A Review of James Martin’s Book Revelation Through Science
Our former N.C. governor James G. Martin affirms his identity as a scientist (organic chemist) and as a Christian in his recent (2016) book, Revelation Through Science. He makes the case that modern science is compatible with Christian faith – though not with biblical literalism.
Martin takes a middle position between what he sees as two errors: one is anti-science, anti-evolution biblical literalism; the other is the idea that science makes God as Creator unnecessary (and so is atheistic).
Martin methodically exposes the fatal weaknesses in anti-evolution arguments. He cites the fossil record, DNA linkages among species, evidence on the age of the earth, and more. He also notes, among other comments on Christian history, that the early church father Augustine warned against literal reading of creation stories.
The other side of his two-pronged argument is that intelligent life in this universe is too improbable to have occurred by chance. One tenet of science is to explain nature without invoking supernatural causes. Fair enough. (It is more than fair, it is crucial to modern science.) Yet, Martin implies, random chance of very low likelihood is the only non-supernatural explanation for crucial steps nature took that led to intelligent life. Martin thinks low-probability random-chance is a poor reason to rule out a divine creator. Further, he sees little evidence to support the random-chance hypothesis. (And reliance on evidence is another key tenet of modern science.)
Martin lists a full 50 highly improbable “anthropic” conditions that allowed life to emerge in this universe (pp. 389-90). His list starts with the fine-tuned forces of nature (such as gravity and electromagnetic forces) and goes on to organic compounds crucial to life. Martin infers at about zero the chance for purely random chance to get all these just right. And for Martin, that leaves room for divine guidance to the whole process.
As an organic chemist, Martin marvels at the "ease with which [complex organic compounds] are synthesized in plant and animal cells ... in sharp contrast to the extreme difficulty of synthesizing them in the best equipped organic chemistry laboratory” (p.168; see a similar statement on p. 260). That is, as I read Martin, it seems very unlikely that pure chance could produce the organic compounds needed for life. Yet nature seems to have been guided to do what the labs find so difficult to do. This is the gist of his book-length argument.
We may welcome a scientist’s argument for religious faith, but we must ask questions. Does Martin have the probabilities right? Are certain events in our universe so very, very improbable that random chance as an explanation is unconvincing?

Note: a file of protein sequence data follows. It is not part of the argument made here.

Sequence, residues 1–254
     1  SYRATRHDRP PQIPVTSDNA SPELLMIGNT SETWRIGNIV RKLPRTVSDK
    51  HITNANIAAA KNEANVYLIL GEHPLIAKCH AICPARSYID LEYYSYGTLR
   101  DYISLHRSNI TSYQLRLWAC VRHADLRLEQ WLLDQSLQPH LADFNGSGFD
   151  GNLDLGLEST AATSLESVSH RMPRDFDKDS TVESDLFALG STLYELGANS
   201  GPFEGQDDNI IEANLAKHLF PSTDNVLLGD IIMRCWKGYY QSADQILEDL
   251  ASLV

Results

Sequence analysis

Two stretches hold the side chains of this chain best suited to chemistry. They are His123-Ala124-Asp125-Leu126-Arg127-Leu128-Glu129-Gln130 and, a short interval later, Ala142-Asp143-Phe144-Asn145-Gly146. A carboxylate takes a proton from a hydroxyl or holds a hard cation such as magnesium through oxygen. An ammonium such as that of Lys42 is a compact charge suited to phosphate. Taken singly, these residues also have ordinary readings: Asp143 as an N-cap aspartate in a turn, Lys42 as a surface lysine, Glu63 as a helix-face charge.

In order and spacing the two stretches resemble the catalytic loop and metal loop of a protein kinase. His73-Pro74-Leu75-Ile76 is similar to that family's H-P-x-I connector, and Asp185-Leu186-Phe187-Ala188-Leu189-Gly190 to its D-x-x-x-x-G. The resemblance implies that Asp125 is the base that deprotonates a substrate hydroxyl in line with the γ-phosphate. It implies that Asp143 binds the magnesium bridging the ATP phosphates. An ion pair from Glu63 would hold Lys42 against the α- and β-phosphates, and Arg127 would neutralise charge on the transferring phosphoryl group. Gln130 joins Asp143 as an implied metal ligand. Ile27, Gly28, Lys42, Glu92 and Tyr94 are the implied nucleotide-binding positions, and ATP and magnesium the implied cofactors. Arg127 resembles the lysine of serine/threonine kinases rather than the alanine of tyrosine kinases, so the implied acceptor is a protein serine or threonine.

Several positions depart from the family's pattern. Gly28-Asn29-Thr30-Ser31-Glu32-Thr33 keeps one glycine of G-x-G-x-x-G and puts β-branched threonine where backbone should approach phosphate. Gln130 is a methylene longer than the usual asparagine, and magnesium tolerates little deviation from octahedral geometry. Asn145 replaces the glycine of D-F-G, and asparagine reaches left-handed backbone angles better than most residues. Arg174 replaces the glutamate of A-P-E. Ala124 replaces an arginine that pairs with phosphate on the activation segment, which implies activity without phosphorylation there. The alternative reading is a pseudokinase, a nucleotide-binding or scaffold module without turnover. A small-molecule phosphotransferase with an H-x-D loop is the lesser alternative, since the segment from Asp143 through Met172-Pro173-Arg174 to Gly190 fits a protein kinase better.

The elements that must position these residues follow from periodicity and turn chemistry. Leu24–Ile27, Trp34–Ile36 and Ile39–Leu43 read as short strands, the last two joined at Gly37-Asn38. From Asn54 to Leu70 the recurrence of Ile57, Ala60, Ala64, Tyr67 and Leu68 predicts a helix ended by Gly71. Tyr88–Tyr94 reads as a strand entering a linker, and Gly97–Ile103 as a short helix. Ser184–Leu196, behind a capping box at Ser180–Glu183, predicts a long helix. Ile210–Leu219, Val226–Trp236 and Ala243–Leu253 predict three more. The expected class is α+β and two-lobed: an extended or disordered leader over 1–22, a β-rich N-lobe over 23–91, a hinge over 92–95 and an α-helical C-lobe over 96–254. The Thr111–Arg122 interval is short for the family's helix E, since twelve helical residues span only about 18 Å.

Does the difficulty of synthesizing certain organic compounds in present-day laboratories necessarily imply that nature could not, over vast amounts of time, eventually have achieved this by random chance? Martin implies he would change his mind if evidence existed to show he is wrong – just as he accepts Darwinian evolution because of the accumulating evidence.
Indeed, finding evidence concerning processes that occurred so very far before Darwinian time is very difficult. Lacking direct evidence, our best recourse is expert opinion. Even giving Martin’s expertise due credit, I easily found an expert who diverged from his assessment of how unlikely some things are to happen in nature.
Of course, compelling evidence could emerge at any time that the odds are much higher for a random process to produce intelligent life than Martin believes. Ironically, Martin puts himself in the same vulnerable position as anti-evolutionists were a century and a half ago – just waiting for evidence to accumulate to contradict him. A related question: should the burden of finding evidence even fall on the random-chance advocates, or on Martin’s side?
At least for now, Martin argues that the random-chance hypothesis is as much faith as religious faith is. In fact, he says this explicitly: One may hold that a crucial, aspect of DNA “could have occurred without a purposeful choice. [However, this requires] a leap of faith at least as ballistic as any theistic believer ever had to make” (pp.276-277). And this statement, attached to a discussion of DNA, seems to sum up Martin’s entire argument, after covering many fields of science. At the extreme limits of our knowledge, science’s usually reliable methodology seems to depend on faith as much as religious belief does.
One is reminded of the apostle Paul’s words: “we live by faith and not by sight” (2 Cor. 5:7). This text surely applies in everyday living as well as in pondering creation. For the believer, Martin also gives a new layer of interpretation to the ancient psalmist’s praise of God’s handiwork in nature: “The heavens are telling the glory of God” (Ps.19:1). And, “I am fearfully and wonderfully made” (Ps. 139):14).
James Martin’s book Revelation Through Science is available at the Forsyth County Public Library. A similar, shorter and less technical, book is Francis Collins’s work The Language of God. Collins headed the 1990s project that mapped the entire human genome for the first time.
Reviewed for Earth Stewards by Donald Frey